Factor H (FH) is a natural inhibitor of the alternative pathway (AP) of complement (C) activation, an abundant protein in blood whose reduced level has been associated with proneness for increased C activation. There are also 5 FH-related proteins (FHR), which have different impacts on C function. After brief outlines of the C system and its activation via the AP, this review focuses on FH and FHR, collecting data from the literature that suggest that reduced levels or function of FH is associated with C activation-related hypersensitivity reactions (HSRs), called C activation related pseudoallergy (CARPA). Based on such observations we initiated the measurement of FH in the blood of patients with inflammatory bowel disease (IBD) and rheumatoid arthritis (RA), and examined the correlation between FH levels and HSRs following i.v. administration of PEGylated liposomal prednisolone phosphate (PLPP). ELISA assay of FH was conducted on plasma samples before treatment, immediately after treatment and at follow-up visits up to 7 weeks, and an attempt was made to correlate the FH levels obtained with the presence or absence of HSR that occurred in five of twenty patients. However, the initial data presented here on three reactive and three non-reactive patients showed FH levels >600 μg/mL, while the normal range of FH is 2-300 μg/mL. This unexpected outcome of the test led us to realize that the ELISA we used was based on antibodies raised against the short consensus repeats (SCR) in FH, which are also present in FHR. Thus the kit cannot distinguish these proteins and we most likely measured the combined levels of FH and FHR. These initial data highlighted an unforeseen technical problem in assessing FH function when using a FH ELISA that cross reacts with FHR, information that helps in further studies exploring the role of FH in CARPA.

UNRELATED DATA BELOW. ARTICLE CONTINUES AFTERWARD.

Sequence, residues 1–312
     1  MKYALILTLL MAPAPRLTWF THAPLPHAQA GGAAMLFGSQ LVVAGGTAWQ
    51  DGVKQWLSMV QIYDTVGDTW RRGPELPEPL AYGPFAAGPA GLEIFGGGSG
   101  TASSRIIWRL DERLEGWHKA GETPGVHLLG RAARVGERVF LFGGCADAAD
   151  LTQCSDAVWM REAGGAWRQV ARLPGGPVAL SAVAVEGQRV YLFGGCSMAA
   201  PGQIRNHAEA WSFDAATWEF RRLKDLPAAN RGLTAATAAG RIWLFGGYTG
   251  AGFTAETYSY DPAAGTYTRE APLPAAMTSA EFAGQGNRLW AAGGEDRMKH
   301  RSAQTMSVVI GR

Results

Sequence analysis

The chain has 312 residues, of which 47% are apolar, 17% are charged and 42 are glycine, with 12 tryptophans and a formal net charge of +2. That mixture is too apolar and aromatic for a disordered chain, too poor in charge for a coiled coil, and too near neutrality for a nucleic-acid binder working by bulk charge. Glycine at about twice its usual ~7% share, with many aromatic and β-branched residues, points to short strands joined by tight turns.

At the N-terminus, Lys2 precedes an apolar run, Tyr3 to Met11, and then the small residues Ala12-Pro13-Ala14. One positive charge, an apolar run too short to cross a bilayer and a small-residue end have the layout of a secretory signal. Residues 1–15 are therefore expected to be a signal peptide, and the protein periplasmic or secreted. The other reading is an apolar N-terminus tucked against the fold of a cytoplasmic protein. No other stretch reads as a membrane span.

- chronic inflammatory disease
- hypersensitivity reactions